Are You Less Grateful When You Use Social Media?


We often see amazing pictures of our friends on social media, whether it is photos of their holidays, family, friends, scenery, or the good old selfies. What those pictures seem to have in common are the wonderful moments that they share. When we see the most beautiful things, our minds are slowly creating wires of neurons that link those to positivity. But at the same time, what we are exposed to are the same images that we use to define normalcy. Because we are biologically built to trust what we see.

A recent study by the University of British Columbia examined the use of three major platforms of social media. Facebook, Instagram, and Twitter, and found that the most frequently used function is checking the news feed. What we tend to see when we scroll through the social media feed are everyone else’s highlight reels. Whether we realize it or not, when we see images that are well-curated and highly photoshopped to make them beautiful, we automatically compare those best moments in other people’s lives versus the reality of our lives, which consist of ups and downs. With half of the world’s population using social media today, we are primed to chase the extraordinary moments, certain body types, money, lifestyle, the way we look, where we vacation, etc, to feel that we have enough and that we are enough.


We normally feel grateful for the positive things in our lives and when we create meaningful connections with others. To be truly grateful is to appreciate what we have, despite life’s imperfections and ordinariness.


A research paper on gratitude by Michael Mccullough and colleagues reveals that some of the barriers to gratitude are envy and materialism. Because envy and materialism involve focusing on what we do not have. Which we are frequently reminded of through social media, it makes it difficult to be grateful and envious at the same time. In that way, there’s a bias in ourselves that we can only be grateful when our lives are as beautiful as the filtered scenery photo we always see. Or when we look as good as that someone posing against an amazing background.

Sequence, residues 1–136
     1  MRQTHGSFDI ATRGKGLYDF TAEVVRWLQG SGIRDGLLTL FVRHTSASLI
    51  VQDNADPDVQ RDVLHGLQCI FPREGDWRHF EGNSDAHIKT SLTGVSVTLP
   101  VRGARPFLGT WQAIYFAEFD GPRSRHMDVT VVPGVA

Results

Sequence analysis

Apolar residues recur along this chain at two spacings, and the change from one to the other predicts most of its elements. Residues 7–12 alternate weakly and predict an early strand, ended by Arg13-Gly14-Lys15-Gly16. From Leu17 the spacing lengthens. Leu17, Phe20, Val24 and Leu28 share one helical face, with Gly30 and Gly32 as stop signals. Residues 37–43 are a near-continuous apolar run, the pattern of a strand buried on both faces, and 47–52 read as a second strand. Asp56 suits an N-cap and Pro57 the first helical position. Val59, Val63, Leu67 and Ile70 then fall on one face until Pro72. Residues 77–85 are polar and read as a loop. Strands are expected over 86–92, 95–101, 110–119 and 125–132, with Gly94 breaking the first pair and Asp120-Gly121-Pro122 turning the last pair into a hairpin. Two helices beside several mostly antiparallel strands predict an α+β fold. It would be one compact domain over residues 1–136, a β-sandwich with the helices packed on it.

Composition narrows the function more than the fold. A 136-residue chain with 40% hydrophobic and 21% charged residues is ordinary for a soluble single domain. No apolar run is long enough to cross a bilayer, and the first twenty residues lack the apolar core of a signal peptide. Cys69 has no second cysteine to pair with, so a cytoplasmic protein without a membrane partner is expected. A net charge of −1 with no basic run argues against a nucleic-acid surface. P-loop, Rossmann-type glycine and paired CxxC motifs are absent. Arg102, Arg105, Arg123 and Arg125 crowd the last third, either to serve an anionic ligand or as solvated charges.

A recent documentary, Social Dilemma, shows how social media is being used to rewire the way we think and manipulate our reality. It also highlighted the ways the platforms work to keep us coming back and make us addicted.

With frequent use of social media, we find ourselves spending less time with the people around us. We seem to know everything they are doing. But, we are not making significant connections that are created when we have meaningful conversations with them. If using social media makes us feel like we are not enough and it also makes us spend less time with people. It results in compounding feelings of disconnection and isolation. On the other hand, when we truly connect with others, we feel that we are not alone. We feel appreciated and as a result, we feel grateful.


Gratitude is the key to happiness and joy. Whether you live in abundance or not, being grateful as often as possible will boost your happiness significantly.


When we think about the things that we are grateful for, it shifts our perspectives and the way we think in a positive way. But when we are grateful from our heart, it generates the kind joy that is so deep that it transcends the imperfections of our daily lives. We can feel this true gratitude wherever we go, no matter what happens. Let us choose to be more heartfully present and to feel and experience gratitude in any situation.


8 Tips for Starting Social Media Habits that Make Gratitude Easier

  1. Do an audit of how you feel after scrolling through your social media
  2. Place a time limit of social media apps used on your phone
  3. Be present when you are with others and call your friends out when they are scrolling
  4. Follow things or watch things that make you laugh and are inspiring to you, some inspiring and resourceful account could be Natural Way of Living’s
  5. Limit exposure to things that build envy and materialism
  6. Share your creativity and passion
  7. Share with friends real things that make you grateful, even if they seem ordinary
  8. Join a community that fosters gratitude and happiness from within



Winda Liem

Co-Editor, Natural Way of Living